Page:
Simple pulmonary eosinophilia is swelling (inflammation) of the lungs from an increase in eosinophils, a type of white blood cell.
Pulmonary infiltrates with eosinophilia; Loeffler syndrome
Causes, incidence, and risk factors
Most cases of simple pulmonary eosinophilia are due to an allergic reaction from:
A drug, such as a sulfonamide antibiotic or nonsteroidal anti-inflammatory drug (NSAID)
Infection with a fungus such as
Aspergillus fumigatusor Pneumocystis jirovecii
A parasite, including the roundworms
Ascariasis lumbricoides, Necator americanus, or Ancylostoma duodenale ( hookworms)
cough Fever General ill feeling
Shortness of breath Wheezing
The symptoms can range from none at all to severe. They may go away without treatment.
Signs and tests
The health care provider will listen to your chest with a stethoscope. Crackle-like sounds called rales may be heard. Rales suggest inflammation of the lung tissue.
Gastric lavage may show signs of the Ascaris worm or another parasite.
If you are allergic to a drug, the doctor may tell you to stop taking it. (Never stop taking a medication without first talking with your doctor.)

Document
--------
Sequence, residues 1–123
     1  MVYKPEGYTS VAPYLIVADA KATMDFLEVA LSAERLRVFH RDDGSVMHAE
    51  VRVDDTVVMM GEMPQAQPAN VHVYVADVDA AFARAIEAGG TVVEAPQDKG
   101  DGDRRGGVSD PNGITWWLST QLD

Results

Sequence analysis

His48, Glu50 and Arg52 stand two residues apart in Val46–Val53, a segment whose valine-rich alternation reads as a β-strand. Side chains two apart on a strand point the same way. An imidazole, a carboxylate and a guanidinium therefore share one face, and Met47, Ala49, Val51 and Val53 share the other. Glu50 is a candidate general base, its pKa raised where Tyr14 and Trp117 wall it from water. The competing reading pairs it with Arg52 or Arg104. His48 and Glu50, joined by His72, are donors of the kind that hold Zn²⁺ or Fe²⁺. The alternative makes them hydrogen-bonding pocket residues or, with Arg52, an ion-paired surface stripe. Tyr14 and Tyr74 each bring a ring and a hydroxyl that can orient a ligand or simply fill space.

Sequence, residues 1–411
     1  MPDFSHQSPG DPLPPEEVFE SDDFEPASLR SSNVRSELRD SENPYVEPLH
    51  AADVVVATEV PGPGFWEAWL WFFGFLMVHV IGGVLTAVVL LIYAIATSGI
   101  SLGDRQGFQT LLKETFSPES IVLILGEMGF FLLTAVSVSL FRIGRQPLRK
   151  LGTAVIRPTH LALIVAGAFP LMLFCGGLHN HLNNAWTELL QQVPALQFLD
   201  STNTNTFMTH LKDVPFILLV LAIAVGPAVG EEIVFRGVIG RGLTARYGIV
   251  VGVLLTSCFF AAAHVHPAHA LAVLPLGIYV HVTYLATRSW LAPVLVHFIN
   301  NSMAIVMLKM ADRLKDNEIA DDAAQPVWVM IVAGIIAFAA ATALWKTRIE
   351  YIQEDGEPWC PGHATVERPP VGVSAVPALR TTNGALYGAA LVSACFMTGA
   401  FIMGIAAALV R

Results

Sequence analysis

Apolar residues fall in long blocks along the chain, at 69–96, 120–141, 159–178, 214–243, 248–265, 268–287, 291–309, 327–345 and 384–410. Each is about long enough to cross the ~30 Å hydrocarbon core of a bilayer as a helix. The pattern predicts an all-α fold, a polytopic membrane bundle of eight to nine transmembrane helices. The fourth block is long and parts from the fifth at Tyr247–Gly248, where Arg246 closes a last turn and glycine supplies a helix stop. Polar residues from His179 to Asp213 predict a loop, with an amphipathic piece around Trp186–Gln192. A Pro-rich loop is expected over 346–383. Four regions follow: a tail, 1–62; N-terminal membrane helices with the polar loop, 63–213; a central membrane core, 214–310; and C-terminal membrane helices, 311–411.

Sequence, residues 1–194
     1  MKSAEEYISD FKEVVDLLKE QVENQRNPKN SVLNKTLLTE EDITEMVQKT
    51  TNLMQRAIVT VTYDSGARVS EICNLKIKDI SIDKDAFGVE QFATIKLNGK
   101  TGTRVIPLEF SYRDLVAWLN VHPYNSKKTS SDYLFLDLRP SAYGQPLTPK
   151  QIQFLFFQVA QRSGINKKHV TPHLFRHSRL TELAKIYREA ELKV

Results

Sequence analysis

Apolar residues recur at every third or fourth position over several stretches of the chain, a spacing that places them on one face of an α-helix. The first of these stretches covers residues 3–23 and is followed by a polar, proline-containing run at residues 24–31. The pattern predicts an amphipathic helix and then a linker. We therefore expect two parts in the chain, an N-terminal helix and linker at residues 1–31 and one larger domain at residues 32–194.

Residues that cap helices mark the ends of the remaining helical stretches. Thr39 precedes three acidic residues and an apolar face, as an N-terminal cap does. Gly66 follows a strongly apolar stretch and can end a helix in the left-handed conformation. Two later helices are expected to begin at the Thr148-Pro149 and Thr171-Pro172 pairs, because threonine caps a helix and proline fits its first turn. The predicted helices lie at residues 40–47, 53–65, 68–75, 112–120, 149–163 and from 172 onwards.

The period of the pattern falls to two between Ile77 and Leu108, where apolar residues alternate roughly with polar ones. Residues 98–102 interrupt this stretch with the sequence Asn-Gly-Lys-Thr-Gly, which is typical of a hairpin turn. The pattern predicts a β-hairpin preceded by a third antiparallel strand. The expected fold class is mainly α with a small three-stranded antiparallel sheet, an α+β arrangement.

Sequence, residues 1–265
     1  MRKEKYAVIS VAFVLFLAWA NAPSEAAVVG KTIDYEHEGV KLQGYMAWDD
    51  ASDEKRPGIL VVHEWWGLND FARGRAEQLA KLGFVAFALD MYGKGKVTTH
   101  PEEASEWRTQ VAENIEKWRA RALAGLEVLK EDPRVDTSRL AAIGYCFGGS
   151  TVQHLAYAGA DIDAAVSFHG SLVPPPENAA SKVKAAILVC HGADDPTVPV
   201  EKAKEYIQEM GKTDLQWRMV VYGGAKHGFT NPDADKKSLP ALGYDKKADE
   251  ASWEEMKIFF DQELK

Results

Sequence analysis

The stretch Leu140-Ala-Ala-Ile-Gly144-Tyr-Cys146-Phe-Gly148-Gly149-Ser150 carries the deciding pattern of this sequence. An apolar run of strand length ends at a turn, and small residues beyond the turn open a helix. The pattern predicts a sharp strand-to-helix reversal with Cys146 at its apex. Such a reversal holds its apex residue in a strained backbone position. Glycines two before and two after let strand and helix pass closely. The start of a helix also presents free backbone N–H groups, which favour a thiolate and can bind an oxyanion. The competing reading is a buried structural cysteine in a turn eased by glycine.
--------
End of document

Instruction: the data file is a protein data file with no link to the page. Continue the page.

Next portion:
If the condition is due to an infection, you may be treated with an antibiotic or anti-parasitic medication.
Sometimes, you may need corticosteroids (powerful anti-inflammatory medicines).
The disease often goes away without treatment. If treatment is needed, the response is usually good. However, relapses can occur (the disease comes back).
A rare complication of simple pulmonary eosinophilia is a severe type of
Calling your health care provider
See your health care provider if you have symptoms that may be linked with this disorder.
This is a rare disorder. Many times, the cause cannot be found. Minimizing exposure to possible
risk factors (certain medicines, some metals) may reduce risk.